Second, we do not believe the argument is correct on the merits. The Supreme Court, in Lewis, recognized that it was interpreting a particular substantive criminal statute with a special purpose, 18 U.S.C. Sec. 1202(a)(1). It said that


Use of an uncounseled felony conviction as the basis for imposing a civil firearms disability, enforceable by a criminal sanction, is not inconsistent with Burgett, Tucker, and Loper [v. Beto, 405 U.S. 473, 92 S.Ct. 1014, 31 L.Ed.2d 374 (1972), because, in those cases] ... the subsequent conviction or sentence ... depended upon the reliability of a past uncounseled conviction.... The federal gun laws, however, focus not on reliability, but on the mere fact of conviction, or even indictment ...

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Lewis, 455 U.S. at 67, 100 S.Ct. at 921-22, 63 L.Ed.2d at 210 (emphases added). Indeed, one can imagine the desirability of having a clear, bright line in respect to gun possession: one who has a felony conviction on the books, a conviction not yet set aside, should simply know not to possess a gun.


We can find no such purpose, however, prominent in the sentence enhancement statute. Moreover, the reliability of the prior sentence enhancement predicate convictions would seem closely related to the likely congressional reasons for enhancing a present sentence in light of those prior convictions (as the Government initially conceded in respect to uncounseled felony convictions).


Thus, despite Lewis, we do not believe the sentence enhancement statute requires a court to consider unconstitutionally obtained (but not yet set aside) convictions as sentencing predicates. And, that being so, we believe the courts have adequate power to determine how allegedly unconstitutional convictions should be treated. See Mistretta v. United States, 488 U.S. 361, 390-91, 396, 109 S.Ct. 647, 664, 667, 102 L.Ed.2d 714, 742-43, 745-46 (1989). We therefore join the Ninth Circuit in distinguishing Lewis. United States v. Clawson, 831 F.2d 909, 914-15 (9th Cir.1987) ("Lewis is inapplicable where prior convictions are used to determine the punishment, rather than to define the offense.").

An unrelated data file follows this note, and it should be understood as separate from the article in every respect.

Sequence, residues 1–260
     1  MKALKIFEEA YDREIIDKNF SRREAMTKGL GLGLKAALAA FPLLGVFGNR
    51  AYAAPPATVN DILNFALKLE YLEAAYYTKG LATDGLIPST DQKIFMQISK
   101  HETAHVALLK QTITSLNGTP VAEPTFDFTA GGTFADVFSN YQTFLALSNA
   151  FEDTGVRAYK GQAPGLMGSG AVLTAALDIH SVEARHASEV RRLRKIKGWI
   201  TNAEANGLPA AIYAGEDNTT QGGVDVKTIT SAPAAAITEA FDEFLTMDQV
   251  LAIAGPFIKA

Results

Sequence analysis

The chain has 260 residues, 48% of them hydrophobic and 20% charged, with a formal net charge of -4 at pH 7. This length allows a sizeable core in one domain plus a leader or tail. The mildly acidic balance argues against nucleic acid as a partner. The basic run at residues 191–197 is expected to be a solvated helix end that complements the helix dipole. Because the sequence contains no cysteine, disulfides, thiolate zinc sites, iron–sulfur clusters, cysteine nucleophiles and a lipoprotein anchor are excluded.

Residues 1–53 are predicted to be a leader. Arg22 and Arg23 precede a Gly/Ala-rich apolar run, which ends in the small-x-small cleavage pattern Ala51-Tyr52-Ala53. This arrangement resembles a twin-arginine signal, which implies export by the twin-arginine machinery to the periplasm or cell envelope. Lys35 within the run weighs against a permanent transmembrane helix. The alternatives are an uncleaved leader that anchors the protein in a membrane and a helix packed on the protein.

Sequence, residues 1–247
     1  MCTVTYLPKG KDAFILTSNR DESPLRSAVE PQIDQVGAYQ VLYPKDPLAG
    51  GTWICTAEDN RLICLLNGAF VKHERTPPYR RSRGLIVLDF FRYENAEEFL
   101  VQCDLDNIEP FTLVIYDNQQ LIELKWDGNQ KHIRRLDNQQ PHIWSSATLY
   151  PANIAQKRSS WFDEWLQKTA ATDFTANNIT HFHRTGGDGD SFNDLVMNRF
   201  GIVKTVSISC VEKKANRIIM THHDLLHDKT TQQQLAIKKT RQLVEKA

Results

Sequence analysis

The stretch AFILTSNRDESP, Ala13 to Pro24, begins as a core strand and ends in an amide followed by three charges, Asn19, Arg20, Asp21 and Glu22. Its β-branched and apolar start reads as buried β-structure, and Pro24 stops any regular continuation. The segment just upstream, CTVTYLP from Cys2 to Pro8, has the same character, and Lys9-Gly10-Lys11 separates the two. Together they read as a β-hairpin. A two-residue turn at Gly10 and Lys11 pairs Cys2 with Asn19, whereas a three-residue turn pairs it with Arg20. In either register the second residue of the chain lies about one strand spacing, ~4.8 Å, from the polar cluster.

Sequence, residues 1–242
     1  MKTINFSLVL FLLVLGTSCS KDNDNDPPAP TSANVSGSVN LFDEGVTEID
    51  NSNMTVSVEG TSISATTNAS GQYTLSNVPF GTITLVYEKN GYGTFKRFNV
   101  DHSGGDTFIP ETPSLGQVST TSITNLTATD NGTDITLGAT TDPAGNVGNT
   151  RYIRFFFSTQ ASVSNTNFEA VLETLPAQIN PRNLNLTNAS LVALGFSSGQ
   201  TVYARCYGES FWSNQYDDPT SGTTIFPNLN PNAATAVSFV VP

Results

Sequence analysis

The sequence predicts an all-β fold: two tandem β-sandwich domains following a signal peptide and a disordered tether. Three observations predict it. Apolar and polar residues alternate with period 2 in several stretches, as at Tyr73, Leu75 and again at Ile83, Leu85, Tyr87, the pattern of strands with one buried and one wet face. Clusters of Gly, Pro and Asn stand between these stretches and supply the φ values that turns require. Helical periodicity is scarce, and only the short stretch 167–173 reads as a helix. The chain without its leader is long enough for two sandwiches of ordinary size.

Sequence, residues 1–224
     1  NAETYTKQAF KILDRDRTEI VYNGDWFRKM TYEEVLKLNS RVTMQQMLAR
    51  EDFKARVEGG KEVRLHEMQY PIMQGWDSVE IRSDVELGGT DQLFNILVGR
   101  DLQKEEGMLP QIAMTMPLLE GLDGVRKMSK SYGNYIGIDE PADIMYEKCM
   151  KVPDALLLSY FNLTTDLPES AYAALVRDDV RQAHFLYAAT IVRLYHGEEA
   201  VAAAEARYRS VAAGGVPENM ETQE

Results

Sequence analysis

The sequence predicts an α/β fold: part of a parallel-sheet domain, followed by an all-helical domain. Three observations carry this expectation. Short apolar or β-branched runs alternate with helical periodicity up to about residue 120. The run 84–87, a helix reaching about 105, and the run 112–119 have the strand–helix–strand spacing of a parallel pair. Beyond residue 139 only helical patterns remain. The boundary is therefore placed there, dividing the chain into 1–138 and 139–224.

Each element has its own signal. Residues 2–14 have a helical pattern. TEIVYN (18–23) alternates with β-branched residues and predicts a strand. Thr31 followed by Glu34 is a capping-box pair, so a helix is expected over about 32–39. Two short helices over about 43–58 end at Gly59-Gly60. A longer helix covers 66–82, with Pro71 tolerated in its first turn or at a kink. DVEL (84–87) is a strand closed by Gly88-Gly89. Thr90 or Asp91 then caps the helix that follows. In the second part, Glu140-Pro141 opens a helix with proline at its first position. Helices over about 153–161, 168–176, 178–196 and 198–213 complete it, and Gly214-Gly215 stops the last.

3. The Government cites several cases, dealing with the Sentencing Guidelines, which it believes are contrary to our conclusion. United States v. Hewitt, 942 F.2d 1270, 1275-76 (8th Cir.1991); United States v. French, 965 F.2d 67 (6th Cir.1992); United States v. Canales, 960 F.2d 1311, 1315-16 (5th Cir.1992); United States v. Roman, 960 F.2d 130, 133-34, reh'g in banc granted, 968 F.2d 11 (11th Cir.1992); United States v. Jakobetz, 955 F.2d 786, 805 (2d Cir.1992), cert. petition pending; United States v. Cornog, 945 F.2d 1504, 1511 (11th Cir.1991); United States v. Avery, 773 F.Supp. 1400 (D.Or.1991). We agree that these cases interpret a Guideline provision that, in a broad sense, is analogous to the statutory provision before us. But, the Guideline provision arises in a different legal context and uses language critically different from the statute here in question. Compare U.S.S.G. Sec. 4A1.2, comment (n. 6) (1990) ("convictions that a defendant shows to have been previously ruled constitutionally invalid are not to be counted" in criminal history calculation) (emphasis added) with 18 U.S.C. Sec. 924(e)(1) (mandatory minimum sentence for "person who ... has three previous convictions").


The petitions for rehearing are Denied.